Analysis of ultraviolet light as a bactericide of gram-negative bacteria in Cladophora macroalgae extracts
(1) Williamston High School Math and Science Academy, Williamston, Michigan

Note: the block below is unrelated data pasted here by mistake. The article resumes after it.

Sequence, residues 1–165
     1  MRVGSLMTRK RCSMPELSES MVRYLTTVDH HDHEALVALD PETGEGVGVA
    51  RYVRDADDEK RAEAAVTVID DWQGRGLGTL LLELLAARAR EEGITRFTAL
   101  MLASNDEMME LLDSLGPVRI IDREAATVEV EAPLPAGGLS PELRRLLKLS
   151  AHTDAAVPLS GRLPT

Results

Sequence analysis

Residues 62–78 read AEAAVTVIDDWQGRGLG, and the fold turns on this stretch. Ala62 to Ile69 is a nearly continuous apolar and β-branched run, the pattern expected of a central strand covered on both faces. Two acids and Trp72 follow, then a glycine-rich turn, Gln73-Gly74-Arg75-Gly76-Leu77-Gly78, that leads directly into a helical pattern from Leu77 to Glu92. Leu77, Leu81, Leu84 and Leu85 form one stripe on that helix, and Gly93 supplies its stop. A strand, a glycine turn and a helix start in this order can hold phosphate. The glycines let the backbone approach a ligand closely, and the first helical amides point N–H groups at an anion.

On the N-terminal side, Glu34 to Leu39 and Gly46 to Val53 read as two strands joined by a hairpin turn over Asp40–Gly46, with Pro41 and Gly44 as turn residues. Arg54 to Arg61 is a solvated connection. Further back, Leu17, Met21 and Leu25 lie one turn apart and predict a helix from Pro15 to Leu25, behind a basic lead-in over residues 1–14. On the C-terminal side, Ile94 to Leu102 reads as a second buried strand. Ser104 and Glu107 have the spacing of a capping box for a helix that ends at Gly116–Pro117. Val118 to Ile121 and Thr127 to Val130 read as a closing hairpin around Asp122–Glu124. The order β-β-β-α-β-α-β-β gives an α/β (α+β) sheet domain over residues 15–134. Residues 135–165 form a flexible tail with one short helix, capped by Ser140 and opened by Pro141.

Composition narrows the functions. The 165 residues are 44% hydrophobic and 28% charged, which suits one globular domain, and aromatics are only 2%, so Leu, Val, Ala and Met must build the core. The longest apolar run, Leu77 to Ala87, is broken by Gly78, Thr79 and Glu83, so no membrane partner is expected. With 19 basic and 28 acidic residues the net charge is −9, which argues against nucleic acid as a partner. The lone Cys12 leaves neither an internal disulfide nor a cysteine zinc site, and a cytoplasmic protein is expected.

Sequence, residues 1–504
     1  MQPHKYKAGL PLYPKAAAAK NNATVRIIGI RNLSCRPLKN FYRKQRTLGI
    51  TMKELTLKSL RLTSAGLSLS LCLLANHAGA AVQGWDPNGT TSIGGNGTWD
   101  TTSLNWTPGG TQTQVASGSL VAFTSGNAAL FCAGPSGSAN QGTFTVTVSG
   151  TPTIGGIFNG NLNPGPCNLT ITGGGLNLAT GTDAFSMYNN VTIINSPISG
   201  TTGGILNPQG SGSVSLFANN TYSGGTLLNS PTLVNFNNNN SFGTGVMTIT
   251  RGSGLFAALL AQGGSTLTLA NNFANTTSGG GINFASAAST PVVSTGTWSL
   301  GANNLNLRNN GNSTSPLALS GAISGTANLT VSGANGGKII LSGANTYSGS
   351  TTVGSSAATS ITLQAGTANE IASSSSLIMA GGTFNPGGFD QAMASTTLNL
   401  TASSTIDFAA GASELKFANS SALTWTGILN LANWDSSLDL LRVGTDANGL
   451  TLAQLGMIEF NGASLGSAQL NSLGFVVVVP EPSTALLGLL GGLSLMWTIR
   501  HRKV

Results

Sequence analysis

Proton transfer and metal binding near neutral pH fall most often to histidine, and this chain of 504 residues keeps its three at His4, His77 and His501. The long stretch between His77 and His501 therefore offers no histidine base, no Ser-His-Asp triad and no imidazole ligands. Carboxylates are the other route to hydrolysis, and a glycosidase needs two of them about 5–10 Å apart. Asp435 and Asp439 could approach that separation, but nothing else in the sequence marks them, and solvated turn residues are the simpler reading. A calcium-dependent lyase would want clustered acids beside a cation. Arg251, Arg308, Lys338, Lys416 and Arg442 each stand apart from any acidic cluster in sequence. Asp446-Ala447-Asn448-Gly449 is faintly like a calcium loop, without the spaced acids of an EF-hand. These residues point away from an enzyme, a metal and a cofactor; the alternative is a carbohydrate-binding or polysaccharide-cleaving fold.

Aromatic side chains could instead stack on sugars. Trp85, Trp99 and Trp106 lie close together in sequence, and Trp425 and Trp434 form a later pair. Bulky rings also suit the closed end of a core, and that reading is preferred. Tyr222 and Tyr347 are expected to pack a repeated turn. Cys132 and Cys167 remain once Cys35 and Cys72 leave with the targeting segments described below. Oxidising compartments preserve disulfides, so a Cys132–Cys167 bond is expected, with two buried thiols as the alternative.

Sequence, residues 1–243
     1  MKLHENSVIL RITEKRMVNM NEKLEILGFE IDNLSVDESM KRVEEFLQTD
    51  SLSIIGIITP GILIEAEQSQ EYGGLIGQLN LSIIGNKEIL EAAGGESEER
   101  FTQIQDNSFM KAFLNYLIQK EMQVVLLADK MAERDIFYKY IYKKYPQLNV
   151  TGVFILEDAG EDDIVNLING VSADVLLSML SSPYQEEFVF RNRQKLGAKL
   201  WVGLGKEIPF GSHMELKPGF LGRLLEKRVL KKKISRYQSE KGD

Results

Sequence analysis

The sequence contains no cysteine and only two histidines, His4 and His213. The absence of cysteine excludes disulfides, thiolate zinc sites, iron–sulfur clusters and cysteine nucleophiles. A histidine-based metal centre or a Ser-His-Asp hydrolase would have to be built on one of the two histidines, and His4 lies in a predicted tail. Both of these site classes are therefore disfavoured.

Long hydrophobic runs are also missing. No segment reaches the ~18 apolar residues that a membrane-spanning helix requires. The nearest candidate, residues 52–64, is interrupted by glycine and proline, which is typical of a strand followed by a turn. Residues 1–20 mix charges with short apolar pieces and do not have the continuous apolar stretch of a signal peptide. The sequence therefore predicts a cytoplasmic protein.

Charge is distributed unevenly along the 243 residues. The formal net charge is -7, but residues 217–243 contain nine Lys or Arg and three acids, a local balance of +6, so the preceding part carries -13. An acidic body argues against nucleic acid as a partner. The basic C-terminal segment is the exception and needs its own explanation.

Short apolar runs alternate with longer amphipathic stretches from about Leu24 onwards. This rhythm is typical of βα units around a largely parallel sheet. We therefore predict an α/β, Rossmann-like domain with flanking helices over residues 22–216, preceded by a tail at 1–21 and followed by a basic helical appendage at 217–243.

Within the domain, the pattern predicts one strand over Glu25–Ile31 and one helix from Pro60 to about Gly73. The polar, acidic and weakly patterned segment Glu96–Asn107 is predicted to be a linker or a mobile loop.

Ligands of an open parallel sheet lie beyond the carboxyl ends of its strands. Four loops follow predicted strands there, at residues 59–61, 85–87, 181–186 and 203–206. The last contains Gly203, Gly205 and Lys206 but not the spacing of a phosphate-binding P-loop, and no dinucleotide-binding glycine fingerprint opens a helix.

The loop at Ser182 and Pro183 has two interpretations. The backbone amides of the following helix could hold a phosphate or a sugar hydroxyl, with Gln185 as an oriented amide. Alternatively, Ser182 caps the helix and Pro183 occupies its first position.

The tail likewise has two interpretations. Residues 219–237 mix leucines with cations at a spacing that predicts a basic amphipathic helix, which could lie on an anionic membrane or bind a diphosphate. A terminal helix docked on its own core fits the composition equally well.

In recent years, antibiotic resistance has increased in pathogenic bacteria, posing a growing threat to both patients and the pharmaceutical industry. This has resulted in inflated medical expenses and higher mortality rates for individuals diagnosed with bacterial infections. A potential alternative to synthetic medications involves the use of marine algae as natural antibacterial agents. Prior research suggests that the Cladophora macroalgae genus may be one option, as it has high polyphenolic content that has previously exhibited antibacterial properties. However, obtaining organic samples from bacteria-ridden environments poses complications concerning microbial contamination of medicinal plants. During initial trials of antibacterial testing, the Cladophora algae extract was found to be greatly contaminated with gram-negative bacteria. The study was then adapted to explore ultraviolet (UV) light as a possible bactericide of this microbial growth. The experiment utilized a control with no UV light treatment along with four experimental samples exposed to UV light for durations of 15, 30, 45, and 60 minutes. We found that there was a statistically significant difference between the control mean and the means of the 30, 45, and 60-minute treatment groups. The overall data trend displays a negative correlation between the ZOF diameter and UV exposure time, supporting the hypothesis that longer durations of UV light treatment have a greater degree of antibacterial effectiveness.
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